When you choose to prepare a spell, and then again when you choose to cast it, you're making a choice to use up some of your character's resources. By the same token, magic rituals should not be license for the magic user to do whatever he wants outside of the dungeon. But, outside of the dungeon, few resources make any difference other than the two things that players are trying to accumulate: treasure and experience points. Now, my 3e days are behind me, and I believe that burning xp for magical gain merely discourages players for doing so, which is no good. So, magic users in my Quasquetherion game (and later, clerics, should there ever be any) need to spend gold to acquire the herbs, chemicals, mystical bits & bobs, secret inks and parchments and, yes, even drugs they need to cast their magic rituals. Thus it is that magic rituals cost 100gp per spell level to cast.

Casting a ritual is also not an instantaneous sort of thing. One does not merely speak a magical phrase, wave one's arms about and work these wonders. Instead, the magic user must spend at least 4 hours per level of the ritual to cast it. These hours may be spread out over the course of a number of days equal to the ritual's level, but may not exceed more than 8 hours in a single day. By expending additional resources, the magic user may reduce the time to enact the ritual in a proportionate manner (doubling the expenditure halves the time, quadrupling the expenditure quarters the time, etc.).

First Level Ritual List

  • Find Familiar - summons and bonds a spirit being to the magic user, to serve as his assistant. Usually appears as an animal.
  • Identify - Determines one magic property of a held or carried magic item per level of the caster. 
  • Message* - The caster may speak a message of 25 words or fewer and designate a recipient of that message who is known to him. The message travels at a speed of 18 miles per hour, flying in as straight a path as it can manage.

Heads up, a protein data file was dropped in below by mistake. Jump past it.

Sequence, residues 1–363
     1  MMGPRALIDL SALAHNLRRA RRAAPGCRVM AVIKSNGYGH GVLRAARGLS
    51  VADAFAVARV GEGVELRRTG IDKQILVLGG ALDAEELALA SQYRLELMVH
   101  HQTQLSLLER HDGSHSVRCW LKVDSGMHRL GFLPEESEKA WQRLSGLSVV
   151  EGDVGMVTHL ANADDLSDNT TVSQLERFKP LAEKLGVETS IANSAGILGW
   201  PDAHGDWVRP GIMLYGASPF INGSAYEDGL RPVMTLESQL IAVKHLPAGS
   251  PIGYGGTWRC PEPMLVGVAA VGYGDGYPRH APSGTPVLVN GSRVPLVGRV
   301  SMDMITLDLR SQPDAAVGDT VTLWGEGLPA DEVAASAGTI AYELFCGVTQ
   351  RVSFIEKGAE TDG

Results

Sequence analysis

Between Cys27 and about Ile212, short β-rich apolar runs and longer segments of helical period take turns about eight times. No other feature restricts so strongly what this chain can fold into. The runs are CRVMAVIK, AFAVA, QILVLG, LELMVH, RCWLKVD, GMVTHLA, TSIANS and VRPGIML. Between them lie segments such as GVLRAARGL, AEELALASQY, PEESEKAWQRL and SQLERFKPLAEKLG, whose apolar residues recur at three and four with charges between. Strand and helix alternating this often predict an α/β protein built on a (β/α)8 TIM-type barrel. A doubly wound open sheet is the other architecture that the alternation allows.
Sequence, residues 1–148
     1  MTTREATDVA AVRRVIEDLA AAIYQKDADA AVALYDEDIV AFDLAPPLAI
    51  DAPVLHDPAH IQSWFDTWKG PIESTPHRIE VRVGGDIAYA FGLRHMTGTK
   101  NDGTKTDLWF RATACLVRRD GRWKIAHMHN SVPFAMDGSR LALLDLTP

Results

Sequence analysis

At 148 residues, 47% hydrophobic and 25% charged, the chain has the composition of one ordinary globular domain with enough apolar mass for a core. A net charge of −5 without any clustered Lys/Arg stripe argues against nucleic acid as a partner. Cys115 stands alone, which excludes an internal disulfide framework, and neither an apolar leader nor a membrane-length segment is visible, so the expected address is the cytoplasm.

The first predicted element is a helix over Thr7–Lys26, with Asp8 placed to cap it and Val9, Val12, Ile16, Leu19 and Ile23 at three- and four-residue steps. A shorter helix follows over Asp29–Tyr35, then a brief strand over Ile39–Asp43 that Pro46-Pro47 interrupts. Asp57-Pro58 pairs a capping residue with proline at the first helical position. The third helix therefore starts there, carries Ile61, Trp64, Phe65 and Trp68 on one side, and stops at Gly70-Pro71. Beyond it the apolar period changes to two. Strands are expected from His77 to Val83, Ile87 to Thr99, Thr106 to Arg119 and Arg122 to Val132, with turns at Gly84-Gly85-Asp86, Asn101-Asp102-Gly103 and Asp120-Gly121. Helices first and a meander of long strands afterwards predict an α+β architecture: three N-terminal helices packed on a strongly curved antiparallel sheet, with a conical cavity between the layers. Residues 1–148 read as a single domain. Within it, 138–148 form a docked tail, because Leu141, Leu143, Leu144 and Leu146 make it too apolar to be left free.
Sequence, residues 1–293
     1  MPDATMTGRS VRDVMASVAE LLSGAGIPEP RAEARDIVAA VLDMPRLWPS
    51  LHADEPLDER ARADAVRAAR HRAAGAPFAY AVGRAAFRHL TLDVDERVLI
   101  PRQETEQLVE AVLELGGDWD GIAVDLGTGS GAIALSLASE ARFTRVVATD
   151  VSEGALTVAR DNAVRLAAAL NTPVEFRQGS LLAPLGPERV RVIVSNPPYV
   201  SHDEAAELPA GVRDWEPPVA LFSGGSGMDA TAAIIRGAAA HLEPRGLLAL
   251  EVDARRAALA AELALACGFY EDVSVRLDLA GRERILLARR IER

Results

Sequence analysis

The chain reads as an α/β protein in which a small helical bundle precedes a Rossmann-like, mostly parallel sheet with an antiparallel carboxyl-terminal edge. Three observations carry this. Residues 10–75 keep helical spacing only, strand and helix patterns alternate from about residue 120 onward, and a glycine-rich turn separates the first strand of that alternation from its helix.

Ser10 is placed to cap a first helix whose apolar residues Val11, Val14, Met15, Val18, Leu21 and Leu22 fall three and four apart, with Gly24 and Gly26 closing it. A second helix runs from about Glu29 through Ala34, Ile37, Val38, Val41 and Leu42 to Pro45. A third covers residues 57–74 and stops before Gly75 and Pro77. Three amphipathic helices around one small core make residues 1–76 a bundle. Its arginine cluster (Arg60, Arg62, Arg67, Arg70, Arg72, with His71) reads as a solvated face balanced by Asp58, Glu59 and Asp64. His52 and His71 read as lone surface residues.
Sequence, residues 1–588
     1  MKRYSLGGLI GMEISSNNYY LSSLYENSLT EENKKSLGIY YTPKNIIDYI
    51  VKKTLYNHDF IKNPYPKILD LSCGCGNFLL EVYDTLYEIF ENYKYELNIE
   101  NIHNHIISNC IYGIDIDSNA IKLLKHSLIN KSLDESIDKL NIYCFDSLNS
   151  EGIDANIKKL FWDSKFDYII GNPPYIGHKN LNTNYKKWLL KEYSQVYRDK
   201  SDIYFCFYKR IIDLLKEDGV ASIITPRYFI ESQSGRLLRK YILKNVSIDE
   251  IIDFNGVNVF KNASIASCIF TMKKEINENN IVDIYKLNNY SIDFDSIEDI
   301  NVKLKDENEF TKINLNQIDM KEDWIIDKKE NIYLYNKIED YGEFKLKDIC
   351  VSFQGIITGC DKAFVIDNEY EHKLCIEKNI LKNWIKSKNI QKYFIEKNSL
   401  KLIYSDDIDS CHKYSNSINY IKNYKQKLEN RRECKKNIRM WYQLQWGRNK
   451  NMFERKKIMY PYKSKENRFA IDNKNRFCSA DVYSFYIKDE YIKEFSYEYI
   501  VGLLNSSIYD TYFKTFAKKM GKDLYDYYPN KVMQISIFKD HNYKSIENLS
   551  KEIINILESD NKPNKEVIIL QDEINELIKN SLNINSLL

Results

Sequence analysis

• Speak With Animals* - The caster may speak with animals in his locale for a short time (a number of rounds equal to 1 plus the caster's level). 
  • Comprehend Languages* - The caster understands any language he reads or hears for a number of hours equal to his level. 
  • Mending* - Repairs one small or broken item per level of the caster. Damaged items may have 10 hp restored per caster level instead. 
  • Arcane Steed - The caster summons a mount from the gulfs between the stars (or somewhere like that) that will carry him for a number of hours equal to his prime requisite. A fifth level caster may summon a flying steed. 
* A memorizable/preparable version of this spell probably exists as well. 


Any treatment of ritual magic would be remiss if it failed to mention the potential for life force to power the arcane arts. A magic user may injure a willing victim (including himself) for any number of dice of damage (remember, this is Delving Deeper, so all dice of damage are d6's). Every die of damage counts as 100 gp for the purposes of determining the resources expended to cast the spell (thus, 2d6 damage could completely power a 1st-level ritual without any expenditure of gp and make the ritual take half as long). Similarly, sacrificing unwilling victims (effectively "harvests" the hit dice of the victims, where every whole hit die "harvested" provides 100 gp of resources toward the casting and quickening of the spell. Any sacrifice must be performed as part of the ritual's casting (and so, the amount of the HD or damage dice involved in the ritual must be determined before it is enacted) and requires that the victim be conscious and healthy (not already near death; sacrificing beaten-up captives that you just defeated won't work). Sacrificing unwilling victims is, by its very nature, an inherently Chaotic act and will not be tolerated by Lawful or even Neutral characters. Further, repeated sacrifice of the unwilling will likely attract the attention of Chaos Lords and demons and may even result in some sort of magical corruption of body if not soul. 

Monday, December 9, 2013

Monster Monday: The Villainous Vermounts of the Vermen!